|Scientific name:||Cichorium endivia (Schousb.) P. D. Sell|
|Synonym name:||Cichorium pumilum (Jacq.) Cout.|
|Common name:||Dwarf Chicory|
|Hebrew name:||עולש מצוי|
|Arabic name:||علك ، هندباء برية|
|Egypt:||سريس "Sireis", شيكوريا "Shikorya"|
|Plant Family:||Compositae / Asteraceae, מורכבים|
|Stems:||Up to 170 cm tall, erect, glabrous or with some scattered hard hairs|
|Leaves:||Alternate, rosette, dissected once, dentate or serrate|
|Fruits / pods:||Achene, obovoid to cylindrical, 2–3 mm × 1–1.5 mm, brown, with pappus of 1–3 rows of small, persistent membranous scales|
|Flowering Period:||April, May, June|
|Distribution:||Mediterranean Woodlands and Shrublands, Semi-steppe shrublands, Shrub-steppes, Deserts and extreme deserts, Montane vegetation of Mt. Hermon|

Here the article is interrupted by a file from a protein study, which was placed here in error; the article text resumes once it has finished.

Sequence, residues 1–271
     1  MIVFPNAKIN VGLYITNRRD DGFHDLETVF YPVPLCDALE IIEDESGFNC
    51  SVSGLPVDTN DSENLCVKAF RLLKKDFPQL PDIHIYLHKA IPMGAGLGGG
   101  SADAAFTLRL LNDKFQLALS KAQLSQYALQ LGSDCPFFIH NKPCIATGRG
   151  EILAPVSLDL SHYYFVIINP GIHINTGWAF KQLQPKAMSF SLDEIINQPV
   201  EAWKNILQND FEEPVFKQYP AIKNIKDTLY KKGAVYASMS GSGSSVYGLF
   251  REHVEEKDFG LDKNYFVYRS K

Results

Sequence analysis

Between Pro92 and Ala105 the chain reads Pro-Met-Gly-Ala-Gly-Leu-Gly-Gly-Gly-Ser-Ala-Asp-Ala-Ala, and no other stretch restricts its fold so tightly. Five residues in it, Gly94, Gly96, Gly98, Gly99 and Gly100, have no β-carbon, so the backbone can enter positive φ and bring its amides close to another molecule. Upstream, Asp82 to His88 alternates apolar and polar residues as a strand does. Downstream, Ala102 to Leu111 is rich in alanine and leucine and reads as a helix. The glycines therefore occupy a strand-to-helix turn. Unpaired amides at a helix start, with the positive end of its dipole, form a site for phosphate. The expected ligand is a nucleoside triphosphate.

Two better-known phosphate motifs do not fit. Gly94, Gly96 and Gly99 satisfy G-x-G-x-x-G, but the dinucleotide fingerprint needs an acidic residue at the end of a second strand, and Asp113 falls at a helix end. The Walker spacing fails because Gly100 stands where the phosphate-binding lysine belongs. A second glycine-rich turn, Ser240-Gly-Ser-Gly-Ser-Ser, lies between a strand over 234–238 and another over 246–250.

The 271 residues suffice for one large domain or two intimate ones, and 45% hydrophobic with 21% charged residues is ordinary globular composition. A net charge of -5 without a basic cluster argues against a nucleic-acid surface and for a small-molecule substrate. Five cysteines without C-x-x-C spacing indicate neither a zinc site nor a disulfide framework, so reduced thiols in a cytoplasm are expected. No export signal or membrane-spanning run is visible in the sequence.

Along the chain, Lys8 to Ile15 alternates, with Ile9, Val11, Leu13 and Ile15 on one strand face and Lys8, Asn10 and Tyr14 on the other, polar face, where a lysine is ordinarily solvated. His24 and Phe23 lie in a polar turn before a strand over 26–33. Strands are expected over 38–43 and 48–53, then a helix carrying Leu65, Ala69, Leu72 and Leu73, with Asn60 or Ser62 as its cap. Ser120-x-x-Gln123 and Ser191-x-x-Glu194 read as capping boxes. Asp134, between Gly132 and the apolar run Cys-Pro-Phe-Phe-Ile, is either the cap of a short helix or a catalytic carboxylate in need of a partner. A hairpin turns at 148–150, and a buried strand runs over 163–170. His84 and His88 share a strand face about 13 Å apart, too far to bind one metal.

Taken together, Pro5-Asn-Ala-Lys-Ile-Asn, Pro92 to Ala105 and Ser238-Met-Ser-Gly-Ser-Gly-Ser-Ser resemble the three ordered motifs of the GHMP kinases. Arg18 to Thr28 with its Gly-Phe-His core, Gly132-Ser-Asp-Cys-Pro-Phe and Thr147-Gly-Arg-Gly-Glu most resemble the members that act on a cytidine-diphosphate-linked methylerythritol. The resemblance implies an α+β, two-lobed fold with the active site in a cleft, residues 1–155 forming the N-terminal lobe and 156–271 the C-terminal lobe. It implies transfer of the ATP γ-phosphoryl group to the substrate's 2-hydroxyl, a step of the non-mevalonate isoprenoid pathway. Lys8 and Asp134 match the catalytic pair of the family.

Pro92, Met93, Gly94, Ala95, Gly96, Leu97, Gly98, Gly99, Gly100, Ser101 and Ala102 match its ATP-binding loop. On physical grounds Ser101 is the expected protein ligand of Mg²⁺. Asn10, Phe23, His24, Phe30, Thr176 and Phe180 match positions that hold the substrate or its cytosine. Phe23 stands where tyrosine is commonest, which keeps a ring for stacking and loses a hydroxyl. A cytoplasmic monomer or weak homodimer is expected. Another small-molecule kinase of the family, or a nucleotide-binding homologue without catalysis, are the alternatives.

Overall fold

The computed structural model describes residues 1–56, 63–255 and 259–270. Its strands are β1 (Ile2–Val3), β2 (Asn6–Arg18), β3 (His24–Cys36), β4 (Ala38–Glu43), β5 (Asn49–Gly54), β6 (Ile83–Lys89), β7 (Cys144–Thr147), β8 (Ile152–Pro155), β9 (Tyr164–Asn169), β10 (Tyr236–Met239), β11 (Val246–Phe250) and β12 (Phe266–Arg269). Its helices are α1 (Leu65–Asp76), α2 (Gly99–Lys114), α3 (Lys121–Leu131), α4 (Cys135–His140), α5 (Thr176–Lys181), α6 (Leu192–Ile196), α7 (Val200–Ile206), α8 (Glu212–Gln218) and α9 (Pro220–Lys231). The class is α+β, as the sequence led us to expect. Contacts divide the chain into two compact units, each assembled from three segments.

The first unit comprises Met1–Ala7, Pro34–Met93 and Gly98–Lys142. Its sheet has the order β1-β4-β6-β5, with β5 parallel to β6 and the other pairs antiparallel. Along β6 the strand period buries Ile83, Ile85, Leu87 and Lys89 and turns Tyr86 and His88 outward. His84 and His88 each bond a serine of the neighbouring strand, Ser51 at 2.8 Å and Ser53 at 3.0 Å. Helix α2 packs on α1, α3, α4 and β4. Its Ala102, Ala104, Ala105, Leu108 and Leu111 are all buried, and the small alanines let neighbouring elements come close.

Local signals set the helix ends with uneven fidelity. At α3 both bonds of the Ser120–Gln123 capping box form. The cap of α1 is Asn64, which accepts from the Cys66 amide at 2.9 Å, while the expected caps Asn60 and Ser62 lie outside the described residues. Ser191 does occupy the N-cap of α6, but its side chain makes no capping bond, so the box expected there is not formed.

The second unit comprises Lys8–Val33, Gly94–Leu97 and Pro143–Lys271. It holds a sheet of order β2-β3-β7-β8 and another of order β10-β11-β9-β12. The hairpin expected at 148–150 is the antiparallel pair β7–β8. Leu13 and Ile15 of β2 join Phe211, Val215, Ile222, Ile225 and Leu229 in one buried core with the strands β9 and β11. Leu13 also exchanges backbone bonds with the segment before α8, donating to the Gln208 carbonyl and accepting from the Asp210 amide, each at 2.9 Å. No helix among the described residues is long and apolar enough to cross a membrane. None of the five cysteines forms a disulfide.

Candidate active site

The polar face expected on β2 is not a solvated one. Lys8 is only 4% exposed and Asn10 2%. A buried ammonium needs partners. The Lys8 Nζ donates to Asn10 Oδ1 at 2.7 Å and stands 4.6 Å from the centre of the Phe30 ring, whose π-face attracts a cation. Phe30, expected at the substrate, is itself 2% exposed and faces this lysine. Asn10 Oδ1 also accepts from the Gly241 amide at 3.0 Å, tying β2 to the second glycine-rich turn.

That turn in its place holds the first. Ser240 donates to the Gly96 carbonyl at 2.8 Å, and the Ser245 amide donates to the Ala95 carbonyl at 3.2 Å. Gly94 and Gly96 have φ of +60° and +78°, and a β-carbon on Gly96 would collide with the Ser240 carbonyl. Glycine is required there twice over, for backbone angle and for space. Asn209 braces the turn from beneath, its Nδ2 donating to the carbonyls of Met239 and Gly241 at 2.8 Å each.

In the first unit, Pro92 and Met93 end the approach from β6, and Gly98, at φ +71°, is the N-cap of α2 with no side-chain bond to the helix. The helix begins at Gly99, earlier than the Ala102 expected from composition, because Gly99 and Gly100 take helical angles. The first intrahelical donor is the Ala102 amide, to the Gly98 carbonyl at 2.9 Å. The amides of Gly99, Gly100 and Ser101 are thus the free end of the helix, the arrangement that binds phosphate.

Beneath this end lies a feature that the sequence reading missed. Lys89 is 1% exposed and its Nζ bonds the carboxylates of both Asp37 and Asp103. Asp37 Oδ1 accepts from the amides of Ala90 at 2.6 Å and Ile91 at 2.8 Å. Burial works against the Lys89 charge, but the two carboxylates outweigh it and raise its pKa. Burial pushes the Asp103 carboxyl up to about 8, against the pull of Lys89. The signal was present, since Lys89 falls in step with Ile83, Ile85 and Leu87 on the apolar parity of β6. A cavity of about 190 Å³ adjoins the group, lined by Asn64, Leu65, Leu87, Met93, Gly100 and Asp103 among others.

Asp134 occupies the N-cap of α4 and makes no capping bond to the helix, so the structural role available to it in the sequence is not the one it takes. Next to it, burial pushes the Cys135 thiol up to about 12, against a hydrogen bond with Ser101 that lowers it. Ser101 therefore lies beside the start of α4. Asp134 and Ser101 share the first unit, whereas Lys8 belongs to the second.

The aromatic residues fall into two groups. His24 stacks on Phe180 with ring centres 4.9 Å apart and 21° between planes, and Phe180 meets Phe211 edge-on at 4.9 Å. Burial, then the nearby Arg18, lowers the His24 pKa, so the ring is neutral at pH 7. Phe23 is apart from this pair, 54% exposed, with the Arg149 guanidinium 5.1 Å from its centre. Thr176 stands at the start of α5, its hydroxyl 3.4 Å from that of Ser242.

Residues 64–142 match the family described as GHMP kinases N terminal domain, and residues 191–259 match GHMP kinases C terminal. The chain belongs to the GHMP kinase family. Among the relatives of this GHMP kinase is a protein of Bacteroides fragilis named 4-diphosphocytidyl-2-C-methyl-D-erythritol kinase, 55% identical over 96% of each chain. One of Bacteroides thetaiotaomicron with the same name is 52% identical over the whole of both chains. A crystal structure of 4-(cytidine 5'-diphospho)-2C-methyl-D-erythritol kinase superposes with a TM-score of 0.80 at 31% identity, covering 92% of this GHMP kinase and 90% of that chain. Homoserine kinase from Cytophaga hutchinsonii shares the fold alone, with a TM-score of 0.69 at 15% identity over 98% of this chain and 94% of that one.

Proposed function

|Chorotype:||Med - Irano-Turanian|
Derivation of the botanical name:
Cichorium, the Latinized version of the Arabic name for one of the species.
endivia, from Late Latin endivia, from Late Greek entybion; probably of Eastern origin (perhaps from Egyptian tybi "January," which is when the plant grows in Egypt).
pumilum, dwarfish, little; dwarf.
Maror never appears in the singular but rather as the plural merorim מרורים - it means "bitter herbs", from mar מר - "bitter".
See the list of Medicinal herbs in Israel, the parts used and their medical uses to treat various diseases.